Nielsen Challenges Arbitron’s Radio Monopoly

NEW YORK After a year of battling minority groups, clients and federal authorities to get its portable people meter into major radio markets, Arbitron faces a new challenge as Nielsen Media Research sets its sights on ending Arbitron’s decades-old monopoly in the field.

Nielsen intends to initially measure radio audiences in 50 small and medium markets where it has a deal with Cumulus Radio, which issued an RFP for the business last spring. Nielsen also signed Clear Channel Radio in 17 of those markets. (Nielsen Media Research, like AdweekMedia, is part of the Nielsen Co.)

But sources said Nielsen intends to expand to other markets. “Nielsen isn’t getting into this to play around in 50 markets — they want the entire market,” said a senior exec for one radio group. Nielsen executives would neither confirm nor deny that, only saying that for now the company was focused on setting up a system to measure the 50 Cumulus markets by next spring. “We need to work through this process first,” before considering an expansion, said Lorraine Hadfield, NMR managing director, who is overseeing the effort.

Nielsen’s proposed diary-based survey differs from Arbitron’s diary method in several ways. For one, the Nielsen diary employs stickers with station names, a form of aided recall to help listeners remember which outlets they listened to. For another, Nielsen’s service only measures markets once a year. Hadfield said Nielsen will employ larger sample sizes to reduce the margin of error by 30 percent.

While Hadfield said she has received “multiple calls” about the service, media buyers questioned the need for a second ratings source — particularly one from Nielsen, which faces numerous challenges in measuring TV and Web ratings. They also wondered about a diary-based system at a time when clients want more granular research via electronic systems.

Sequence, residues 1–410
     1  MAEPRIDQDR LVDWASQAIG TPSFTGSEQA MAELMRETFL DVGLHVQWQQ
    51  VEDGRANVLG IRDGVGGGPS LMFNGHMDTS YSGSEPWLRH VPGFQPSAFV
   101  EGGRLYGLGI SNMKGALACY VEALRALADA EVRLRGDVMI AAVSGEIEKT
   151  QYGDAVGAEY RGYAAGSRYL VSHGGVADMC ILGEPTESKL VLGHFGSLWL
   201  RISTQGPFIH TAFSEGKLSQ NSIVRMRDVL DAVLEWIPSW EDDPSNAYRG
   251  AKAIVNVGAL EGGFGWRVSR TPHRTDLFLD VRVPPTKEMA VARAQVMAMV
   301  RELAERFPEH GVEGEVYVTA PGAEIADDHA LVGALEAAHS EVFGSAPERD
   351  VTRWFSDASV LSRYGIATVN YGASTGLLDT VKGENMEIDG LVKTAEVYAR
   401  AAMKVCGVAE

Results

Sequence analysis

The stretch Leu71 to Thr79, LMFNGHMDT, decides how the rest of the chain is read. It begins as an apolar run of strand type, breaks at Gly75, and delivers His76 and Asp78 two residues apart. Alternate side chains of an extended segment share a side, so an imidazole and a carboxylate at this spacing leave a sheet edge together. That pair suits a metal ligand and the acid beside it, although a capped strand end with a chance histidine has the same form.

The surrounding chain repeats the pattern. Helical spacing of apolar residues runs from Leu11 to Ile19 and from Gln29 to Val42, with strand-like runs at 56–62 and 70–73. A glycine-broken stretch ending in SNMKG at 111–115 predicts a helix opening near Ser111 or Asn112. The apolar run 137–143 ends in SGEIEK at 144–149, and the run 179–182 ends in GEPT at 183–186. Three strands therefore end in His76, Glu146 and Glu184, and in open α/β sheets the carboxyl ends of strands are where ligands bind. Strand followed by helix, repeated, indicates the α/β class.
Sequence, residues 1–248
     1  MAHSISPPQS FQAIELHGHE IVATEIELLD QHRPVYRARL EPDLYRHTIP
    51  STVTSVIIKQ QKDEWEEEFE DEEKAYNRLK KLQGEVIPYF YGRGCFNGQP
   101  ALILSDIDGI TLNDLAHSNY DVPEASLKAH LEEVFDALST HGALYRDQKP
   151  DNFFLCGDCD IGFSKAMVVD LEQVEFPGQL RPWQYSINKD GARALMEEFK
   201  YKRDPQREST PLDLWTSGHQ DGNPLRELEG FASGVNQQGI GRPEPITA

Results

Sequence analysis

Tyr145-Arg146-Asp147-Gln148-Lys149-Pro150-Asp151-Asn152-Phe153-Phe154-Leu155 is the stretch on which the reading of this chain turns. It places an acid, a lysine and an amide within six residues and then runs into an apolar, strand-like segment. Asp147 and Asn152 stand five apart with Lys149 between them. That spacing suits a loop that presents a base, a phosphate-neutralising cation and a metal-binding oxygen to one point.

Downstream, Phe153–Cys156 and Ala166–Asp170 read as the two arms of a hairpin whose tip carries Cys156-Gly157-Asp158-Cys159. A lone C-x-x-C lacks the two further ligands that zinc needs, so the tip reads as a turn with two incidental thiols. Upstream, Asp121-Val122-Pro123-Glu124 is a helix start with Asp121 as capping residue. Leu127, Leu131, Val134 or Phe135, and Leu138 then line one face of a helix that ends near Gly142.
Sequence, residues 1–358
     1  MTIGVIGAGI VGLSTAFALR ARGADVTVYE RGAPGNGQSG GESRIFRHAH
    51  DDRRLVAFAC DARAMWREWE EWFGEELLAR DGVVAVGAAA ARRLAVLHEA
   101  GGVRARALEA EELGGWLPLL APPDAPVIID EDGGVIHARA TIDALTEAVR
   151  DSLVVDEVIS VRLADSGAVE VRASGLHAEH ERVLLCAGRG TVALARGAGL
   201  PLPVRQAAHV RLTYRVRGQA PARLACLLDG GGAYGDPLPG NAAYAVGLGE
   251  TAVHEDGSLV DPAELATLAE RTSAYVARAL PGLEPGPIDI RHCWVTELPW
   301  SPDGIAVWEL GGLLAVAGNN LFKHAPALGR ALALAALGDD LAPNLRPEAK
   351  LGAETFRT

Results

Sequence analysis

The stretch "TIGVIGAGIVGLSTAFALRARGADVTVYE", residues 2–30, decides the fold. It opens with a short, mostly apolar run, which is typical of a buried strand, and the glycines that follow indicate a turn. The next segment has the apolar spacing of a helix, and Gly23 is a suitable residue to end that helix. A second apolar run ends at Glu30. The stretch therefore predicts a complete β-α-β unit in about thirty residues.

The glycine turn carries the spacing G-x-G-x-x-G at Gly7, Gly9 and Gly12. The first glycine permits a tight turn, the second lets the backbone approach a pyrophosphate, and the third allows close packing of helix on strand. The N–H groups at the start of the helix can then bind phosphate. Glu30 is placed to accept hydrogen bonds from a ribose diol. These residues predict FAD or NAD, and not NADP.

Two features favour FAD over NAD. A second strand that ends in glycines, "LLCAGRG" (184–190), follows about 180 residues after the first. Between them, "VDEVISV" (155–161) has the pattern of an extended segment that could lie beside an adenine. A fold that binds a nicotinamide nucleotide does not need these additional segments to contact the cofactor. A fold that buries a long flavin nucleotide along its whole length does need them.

“Electronic verification is the way to go,” said Dennis McGuire, vp, regional spot director at Carat. Developing a new diary service, he said, “is a step backwards.”

While commending Cumulus for efforts to improve measurement, Maribeth Papuga, senior vp, local broadcast at Mediavest, said, “What we really want is to push forward with what we have and make it better and, perhaps, roll out more electronic measurement. Diaries won’t capture all the audio channels that audiences might listen to online or on satellite.”

Arbitron took its lumps on Wall Street last week, with two investor downgrades and a  plummeting stock price. It said the loss of Cumulus and Clear Channel would cost it $10 million per year. But CEO Steve Morris told analysts Arbitron would “aggressively protect our business” and remain in all markets.